The advice to players remains the same. Even established musicians understand the changes recently, but the advice is still to play free whenever you can, play from the soul and speak with your instrument. Advice Storrer would give to an aspiring free form play today is, "Experiment with your instrument of choice, become a master of it. That allows the individual to go in any direction they wish. Only their own mind will confine them to where they can go. So, be proficient first, learn from listening to all previous music, learn by listening to your peers and then find your own voice and direction." Payne comments, "Play from the heart, find your divine light and be angry also"angry, meaning the political frustration expressed in music.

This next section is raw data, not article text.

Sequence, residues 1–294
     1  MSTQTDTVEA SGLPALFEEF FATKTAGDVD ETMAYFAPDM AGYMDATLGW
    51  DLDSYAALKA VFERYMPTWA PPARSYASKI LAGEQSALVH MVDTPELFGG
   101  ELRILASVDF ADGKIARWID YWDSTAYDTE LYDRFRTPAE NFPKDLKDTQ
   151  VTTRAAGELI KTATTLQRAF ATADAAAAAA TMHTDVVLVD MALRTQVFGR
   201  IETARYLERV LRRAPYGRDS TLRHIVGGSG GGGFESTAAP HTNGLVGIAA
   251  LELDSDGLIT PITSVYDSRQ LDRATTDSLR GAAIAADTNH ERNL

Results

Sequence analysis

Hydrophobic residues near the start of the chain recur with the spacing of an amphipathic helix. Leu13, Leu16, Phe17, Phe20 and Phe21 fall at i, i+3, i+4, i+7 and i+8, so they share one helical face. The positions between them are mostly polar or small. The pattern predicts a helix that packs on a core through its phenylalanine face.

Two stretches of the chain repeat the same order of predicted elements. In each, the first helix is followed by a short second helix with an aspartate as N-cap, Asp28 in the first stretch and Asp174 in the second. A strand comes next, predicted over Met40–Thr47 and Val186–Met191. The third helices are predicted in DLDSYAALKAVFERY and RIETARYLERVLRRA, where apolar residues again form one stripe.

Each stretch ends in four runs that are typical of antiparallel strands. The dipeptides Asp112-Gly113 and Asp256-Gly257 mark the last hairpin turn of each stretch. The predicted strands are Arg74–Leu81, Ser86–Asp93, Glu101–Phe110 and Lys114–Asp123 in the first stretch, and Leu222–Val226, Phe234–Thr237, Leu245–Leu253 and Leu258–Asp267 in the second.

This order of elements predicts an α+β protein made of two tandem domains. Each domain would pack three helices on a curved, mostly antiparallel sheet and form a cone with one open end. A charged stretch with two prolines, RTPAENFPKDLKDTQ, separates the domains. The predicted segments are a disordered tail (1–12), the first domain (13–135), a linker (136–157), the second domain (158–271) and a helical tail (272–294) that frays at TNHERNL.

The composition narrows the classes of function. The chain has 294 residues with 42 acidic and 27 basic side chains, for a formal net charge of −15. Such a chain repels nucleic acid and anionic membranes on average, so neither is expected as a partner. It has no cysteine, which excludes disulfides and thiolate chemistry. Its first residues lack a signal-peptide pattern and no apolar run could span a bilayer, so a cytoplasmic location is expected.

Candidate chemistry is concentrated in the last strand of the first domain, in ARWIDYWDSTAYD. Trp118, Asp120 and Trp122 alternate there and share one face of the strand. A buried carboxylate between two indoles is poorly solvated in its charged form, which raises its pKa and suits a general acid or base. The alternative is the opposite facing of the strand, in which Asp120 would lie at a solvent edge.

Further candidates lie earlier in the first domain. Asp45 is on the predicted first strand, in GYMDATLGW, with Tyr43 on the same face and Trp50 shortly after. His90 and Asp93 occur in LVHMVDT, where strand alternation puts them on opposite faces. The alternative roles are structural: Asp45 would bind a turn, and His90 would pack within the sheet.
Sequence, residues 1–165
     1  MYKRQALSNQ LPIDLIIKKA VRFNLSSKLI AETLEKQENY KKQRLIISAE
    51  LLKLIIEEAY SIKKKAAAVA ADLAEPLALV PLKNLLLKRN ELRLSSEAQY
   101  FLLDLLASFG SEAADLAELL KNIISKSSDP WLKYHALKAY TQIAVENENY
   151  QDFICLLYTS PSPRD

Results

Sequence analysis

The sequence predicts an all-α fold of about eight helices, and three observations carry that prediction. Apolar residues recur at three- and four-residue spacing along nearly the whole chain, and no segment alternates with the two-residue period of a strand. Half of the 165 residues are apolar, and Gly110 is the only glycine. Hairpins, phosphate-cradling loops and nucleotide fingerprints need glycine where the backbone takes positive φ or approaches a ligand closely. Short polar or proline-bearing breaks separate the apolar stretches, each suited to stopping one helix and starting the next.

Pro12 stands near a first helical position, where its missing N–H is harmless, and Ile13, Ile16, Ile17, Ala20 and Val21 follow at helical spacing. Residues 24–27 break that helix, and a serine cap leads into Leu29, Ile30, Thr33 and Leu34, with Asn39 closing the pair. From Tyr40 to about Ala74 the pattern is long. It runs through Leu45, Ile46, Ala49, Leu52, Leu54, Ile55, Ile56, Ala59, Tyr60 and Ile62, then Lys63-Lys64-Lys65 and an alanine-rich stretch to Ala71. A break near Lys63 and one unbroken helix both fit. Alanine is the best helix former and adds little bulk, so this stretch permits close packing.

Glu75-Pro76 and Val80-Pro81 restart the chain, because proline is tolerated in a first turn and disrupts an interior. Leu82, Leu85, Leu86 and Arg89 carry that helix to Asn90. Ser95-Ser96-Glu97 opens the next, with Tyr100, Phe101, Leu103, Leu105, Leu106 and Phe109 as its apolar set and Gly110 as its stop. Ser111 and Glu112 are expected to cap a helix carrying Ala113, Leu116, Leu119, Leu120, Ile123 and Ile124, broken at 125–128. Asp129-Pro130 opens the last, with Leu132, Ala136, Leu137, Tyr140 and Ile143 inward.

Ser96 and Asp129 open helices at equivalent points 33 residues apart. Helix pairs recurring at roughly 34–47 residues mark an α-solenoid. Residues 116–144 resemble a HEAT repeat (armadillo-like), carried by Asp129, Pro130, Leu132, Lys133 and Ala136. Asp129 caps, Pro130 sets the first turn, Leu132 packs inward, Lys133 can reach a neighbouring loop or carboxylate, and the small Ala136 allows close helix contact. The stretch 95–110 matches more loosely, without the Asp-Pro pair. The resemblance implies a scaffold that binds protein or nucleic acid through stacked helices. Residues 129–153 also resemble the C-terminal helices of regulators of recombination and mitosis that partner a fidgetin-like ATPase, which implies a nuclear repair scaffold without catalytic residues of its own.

Wilkinson comments."If you are new in a town, try to get to gigs and meet players, put things together and go and play. Other than that, think about ways that you might go about making money but still have time to put stuff together. There is less pressure generally [in small venues], so although I believe you should always be prepared to play to your highest standard, you are more open to experiment and try new combinations. I like to use Flim Flam to play with people or combinations that I have never done before, and the fact there is an audience there helps to focus proceedings. I find it a very creative environment."
London is very special at the moment and, while musicians come from a different melting pot than in the rest of Europe, London venues like The New Vortex and Oto's remain key.